Alphabetical List of Series

Alphabetical List of Series

Types of Series

Paperback Predecessors

Early paperback series that mostly failed. Subscription models, magazine models, lapses back into hardcover publishing. Also inexpensive hardcover reprint series like the Modern Library, Triangle Books (Doubelday during WWII), which were at the price point of early trade paperbacks. 

Mass Market Series

Early series from firms primarily devoted to paperback publishing. Usually inexpensive and in the smaller, mass-market size. Only series that published mostly quality titles, even if a few had alluring covers early on. 

Trade Series

Series from trade publishers who mostly issued hardcover books for retail markets. Typically (but certainly not always) books in these series were larger than those from the paperback-oriented firms and were accordingly more expensive. These publishers occasionally issued classroom series, usually after diversifying their interests by acquiring textbook publishers. Those series will be listed under the Classroom Series section. 

Classroom Series

Paperback series directed at the secondary or university market. These series are marked by supplementary materials, outlines, study guides, and so on, but the line between them and trade series can be blurry. 

Library Series

Series that were marketed to institutional purchasers like libraries, which may have been offered a library discount. Their materials were usually more durable. 

University Press Series

Series issued by university presses. 

Specialty Series

Some publishers historically operated in discrete sectors that had their own apparatus of distributors, bookstores, trade associations, and so forth.  Some of these areas include religious, art, medical, legal, and technical publishing. Trade publishers occasionally branched out into these fields as well, so their more specialized series are listed here as well. 

On the Difficulty of Classifying Series

Jesse Ephron, Fear and Loathing on the Discount Trail, PW, June 17, 1974, at 52-53 (incredible article about trade vs text (trade discounts vs short discounts). Mentions tons of publishers & series and how hard it is to tell the difference between trade and classroom books).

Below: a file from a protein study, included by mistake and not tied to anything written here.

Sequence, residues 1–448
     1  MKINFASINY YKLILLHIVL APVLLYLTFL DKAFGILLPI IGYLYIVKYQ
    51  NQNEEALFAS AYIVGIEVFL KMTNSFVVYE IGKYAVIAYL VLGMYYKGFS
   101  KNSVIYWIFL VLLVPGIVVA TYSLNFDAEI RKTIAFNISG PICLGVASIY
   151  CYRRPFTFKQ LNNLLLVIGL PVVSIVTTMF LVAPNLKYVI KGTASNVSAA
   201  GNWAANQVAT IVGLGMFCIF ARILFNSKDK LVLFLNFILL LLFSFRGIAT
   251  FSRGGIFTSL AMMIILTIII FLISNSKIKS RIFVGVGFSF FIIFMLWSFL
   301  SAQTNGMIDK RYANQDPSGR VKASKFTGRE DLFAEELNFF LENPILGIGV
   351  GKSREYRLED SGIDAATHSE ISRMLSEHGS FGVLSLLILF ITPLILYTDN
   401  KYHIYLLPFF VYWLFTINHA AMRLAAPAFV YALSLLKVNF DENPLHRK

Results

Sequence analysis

Jean Peters, ed., THE BOOKMAN'S GLOSSARY 71-72 (Bowker 6th ed. 1983): 

discount A percentage deducted from the list (retail) price of a book, thereby determining the cost of the book to the dealer purchasing it from the publisher or wholesaler. Thus, a $10 book sold to a dealer at 40 percent discount costs $6 and from this 40 percent difference, the store's operating costs and profit must be derived. Trade discounts (also called long discounts), which are established for selling general books to retailers, scale from 30-45 percent and upward (depending on the individual publisher and quantities purchased). A trade discount schedule is printed by a publisher to announce the variations in discounts dictated by the number of books ordered. Legally, a publisher must offer the same discount schedule to all booksellers.
Short discounts are lower discounts, offered on the relatively few retail sales of books ordinarily sold directly to professional persons or institutions. Library discounts are special discounts offered to library purchasers. Professional, or courtesy discounts are those offered to individuals. Cash discounts (e.g., 2 percent off the total of a bill if it is paid in thirty days or less) are those offered for prompt payment of an invoice. See also markup; net pricing.